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Structure in C and CPP with C Program Example

A structure is a data type that can contain unlimited numbers of NAMED sub categories (or fields). For example, a student record may contain the students, name, age, gpa, etc. Each category of information is defined by its name and type (e.g., name is a string, age is an integer). By placing all this information into a "structure" the computer is able to utilize it as a single "entity". In C, the fields and types must be defined before the structure is used.


The format for defining a structure is

struct Tag {
  Members
};


Where Tag is the name of the entire type of structure and Members are the variables within the struct. To actually create a single structure the syntax is

struct Tag name_of_single_structure;

To access a variable of the structure it goes

name_of_single_structure.name_of_variable;

For example:

struct example {
     int x;
};
struct example an_example; //Treating it like a normal variable type
an_example.x = 33;  //How to access its members

Here is an example program:

struct database {
     int id_number;
     int age;
     float salary;
};

int main()
{
  database employee;  //There is now an employee variable that has modifiable
                      // variables inside it.
  employee.age = 22;
  employee.id_number = 1;
  employee.salary = 12000.21;
}


The struct database declares that database has three variables in it, age, id_number, and salary. You can use database like a variable type like int. You can create an employee with the database type as I did above. Then, to modify it you call everything with the 'employee.' in front of it. You can also return structures from functions by defining their return type as a structure type. For instance:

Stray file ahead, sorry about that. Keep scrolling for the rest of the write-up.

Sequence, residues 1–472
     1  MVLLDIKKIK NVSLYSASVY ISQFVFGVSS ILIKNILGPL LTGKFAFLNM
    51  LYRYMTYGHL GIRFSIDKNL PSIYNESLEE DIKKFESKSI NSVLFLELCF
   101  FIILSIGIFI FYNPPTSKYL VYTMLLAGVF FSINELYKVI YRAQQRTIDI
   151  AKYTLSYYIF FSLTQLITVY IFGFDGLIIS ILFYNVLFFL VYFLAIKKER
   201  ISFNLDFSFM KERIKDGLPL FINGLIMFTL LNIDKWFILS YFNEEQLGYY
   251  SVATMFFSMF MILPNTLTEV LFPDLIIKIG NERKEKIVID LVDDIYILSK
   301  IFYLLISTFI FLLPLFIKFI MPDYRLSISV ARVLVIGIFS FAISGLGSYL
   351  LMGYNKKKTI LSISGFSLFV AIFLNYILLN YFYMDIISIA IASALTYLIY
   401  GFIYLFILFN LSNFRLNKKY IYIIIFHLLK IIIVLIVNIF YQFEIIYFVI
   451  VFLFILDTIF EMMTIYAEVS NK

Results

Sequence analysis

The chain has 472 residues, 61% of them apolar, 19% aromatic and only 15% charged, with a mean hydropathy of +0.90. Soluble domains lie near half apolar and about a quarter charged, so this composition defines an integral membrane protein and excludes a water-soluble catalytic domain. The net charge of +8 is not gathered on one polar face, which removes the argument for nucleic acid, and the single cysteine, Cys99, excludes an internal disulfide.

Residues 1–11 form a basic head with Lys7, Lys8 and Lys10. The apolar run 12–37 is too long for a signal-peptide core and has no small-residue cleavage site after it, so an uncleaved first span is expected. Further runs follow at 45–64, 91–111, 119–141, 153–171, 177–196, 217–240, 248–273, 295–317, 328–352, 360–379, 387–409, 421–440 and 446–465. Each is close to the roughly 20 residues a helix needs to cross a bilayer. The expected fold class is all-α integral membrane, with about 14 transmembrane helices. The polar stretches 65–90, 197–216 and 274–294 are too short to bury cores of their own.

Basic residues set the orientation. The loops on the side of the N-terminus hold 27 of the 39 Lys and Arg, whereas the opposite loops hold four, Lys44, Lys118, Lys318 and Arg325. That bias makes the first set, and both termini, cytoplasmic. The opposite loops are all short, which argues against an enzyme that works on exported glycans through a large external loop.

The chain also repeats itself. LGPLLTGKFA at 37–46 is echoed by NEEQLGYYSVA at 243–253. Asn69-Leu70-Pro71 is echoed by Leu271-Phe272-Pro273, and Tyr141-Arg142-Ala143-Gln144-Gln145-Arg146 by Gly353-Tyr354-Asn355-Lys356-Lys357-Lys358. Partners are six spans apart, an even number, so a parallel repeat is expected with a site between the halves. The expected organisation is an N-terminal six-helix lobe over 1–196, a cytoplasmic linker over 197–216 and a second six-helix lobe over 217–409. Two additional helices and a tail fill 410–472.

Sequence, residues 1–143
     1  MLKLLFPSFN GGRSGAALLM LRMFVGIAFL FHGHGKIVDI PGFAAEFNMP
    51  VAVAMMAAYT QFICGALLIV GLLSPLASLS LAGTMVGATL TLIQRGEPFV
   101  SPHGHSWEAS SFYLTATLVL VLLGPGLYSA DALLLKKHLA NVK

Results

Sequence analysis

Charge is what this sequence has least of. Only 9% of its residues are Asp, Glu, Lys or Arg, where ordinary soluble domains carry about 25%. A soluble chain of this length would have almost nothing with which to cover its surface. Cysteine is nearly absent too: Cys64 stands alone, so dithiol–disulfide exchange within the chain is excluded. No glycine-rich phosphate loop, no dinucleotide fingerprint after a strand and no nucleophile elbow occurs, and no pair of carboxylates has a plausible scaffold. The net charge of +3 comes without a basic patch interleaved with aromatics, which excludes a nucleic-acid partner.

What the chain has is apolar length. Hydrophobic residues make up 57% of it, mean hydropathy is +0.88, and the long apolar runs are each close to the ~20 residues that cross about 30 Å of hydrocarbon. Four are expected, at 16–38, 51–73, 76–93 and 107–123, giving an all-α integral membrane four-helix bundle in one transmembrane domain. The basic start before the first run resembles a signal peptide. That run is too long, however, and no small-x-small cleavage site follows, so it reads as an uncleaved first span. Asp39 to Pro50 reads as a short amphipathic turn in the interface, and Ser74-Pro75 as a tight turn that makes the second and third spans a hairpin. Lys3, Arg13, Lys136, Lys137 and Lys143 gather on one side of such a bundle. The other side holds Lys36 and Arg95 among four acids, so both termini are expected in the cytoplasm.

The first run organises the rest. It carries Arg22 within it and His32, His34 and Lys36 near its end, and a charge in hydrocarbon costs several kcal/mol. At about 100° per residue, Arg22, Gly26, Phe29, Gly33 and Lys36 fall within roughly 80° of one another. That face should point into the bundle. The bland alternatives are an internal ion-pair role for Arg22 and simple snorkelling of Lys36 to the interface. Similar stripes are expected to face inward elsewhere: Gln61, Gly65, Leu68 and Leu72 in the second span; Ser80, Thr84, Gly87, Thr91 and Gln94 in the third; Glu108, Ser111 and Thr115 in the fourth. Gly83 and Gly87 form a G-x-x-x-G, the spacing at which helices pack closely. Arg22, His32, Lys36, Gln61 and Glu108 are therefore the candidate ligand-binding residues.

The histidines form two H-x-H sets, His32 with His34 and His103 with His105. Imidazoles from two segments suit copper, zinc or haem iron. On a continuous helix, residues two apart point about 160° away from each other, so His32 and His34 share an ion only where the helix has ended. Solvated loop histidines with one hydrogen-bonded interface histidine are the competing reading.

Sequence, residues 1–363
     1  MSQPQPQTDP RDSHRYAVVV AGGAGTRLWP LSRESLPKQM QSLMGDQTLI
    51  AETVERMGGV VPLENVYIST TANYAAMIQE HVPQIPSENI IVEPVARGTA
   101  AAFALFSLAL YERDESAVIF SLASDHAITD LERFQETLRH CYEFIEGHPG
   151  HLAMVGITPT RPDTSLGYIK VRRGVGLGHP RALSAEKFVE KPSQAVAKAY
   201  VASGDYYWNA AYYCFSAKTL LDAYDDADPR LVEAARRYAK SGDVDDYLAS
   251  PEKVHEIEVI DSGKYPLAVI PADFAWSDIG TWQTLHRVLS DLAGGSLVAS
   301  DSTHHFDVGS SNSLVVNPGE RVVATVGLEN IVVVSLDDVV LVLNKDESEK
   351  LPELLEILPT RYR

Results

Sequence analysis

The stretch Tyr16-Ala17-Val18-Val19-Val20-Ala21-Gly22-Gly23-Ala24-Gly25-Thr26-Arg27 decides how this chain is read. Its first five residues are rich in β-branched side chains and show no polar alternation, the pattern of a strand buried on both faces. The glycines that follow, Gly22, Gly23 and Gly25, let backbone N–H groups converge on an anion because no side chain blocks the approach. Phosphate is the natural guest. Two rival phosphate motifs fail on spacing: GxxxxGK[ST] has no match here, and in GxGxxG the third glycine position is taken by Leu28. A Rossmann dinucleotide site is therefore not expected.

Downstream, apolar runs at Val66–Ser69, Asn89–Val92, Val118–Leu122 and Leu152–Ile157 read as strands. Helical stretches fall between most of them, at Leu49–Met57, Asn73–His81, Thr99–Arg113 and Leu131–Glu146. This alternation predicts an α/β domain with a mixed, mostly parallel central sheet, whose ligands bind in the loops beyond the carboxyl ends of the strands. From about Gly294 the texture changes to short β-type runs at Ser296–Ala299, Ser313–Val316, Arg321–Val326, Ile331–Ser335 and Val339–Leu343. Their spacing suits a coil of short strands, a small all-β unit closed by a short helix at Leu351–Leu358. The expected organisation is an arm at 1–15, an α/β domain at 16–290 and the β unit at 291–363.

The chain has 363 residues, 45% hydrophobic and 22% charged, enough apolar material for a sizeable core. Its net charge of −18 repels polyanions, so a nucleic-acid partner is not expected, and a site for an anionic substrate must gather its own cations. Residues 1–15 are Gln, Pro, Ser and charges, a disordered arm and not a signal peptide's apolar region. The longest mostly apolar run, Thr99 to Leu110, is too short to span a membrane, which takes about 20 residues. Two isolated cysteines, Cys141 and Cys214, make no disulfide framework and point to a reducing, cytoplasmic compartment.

database fn();

I will talk only a little bit about unions as well. Unions are like structures except that all the variables share the same memory. When a union is declared the compiler allocates enough memory for the largest data-type in the union. It's like a giant storage chest where you can store one large item, or a small item, but never the both at the same time.

The '.' operator is used to access different variables inside a union also.

As a final note, if you wish to have a pointer to a structure, to actually access the information stored inside the structure that is pointed to, you use the -> operator in place of the . operator. All points about pointers still apply.

A quick example:

#include <iostream>
using namespace std;
struct xampl {
  int x;
};

int main()

  xampl structure;
  xampl *ptr;
  structure.x = 12;
  ptr = &structure; // Yes, you need the & when dealing with structures
                    //  and using pointers to them
  cout<< ptr->x;    // The -> acts somewhat like the * when used with pointers
                    //  It says, get whatever is at that memory address
                    //  Not "get what that memory address is"
  cin.get();                   
}

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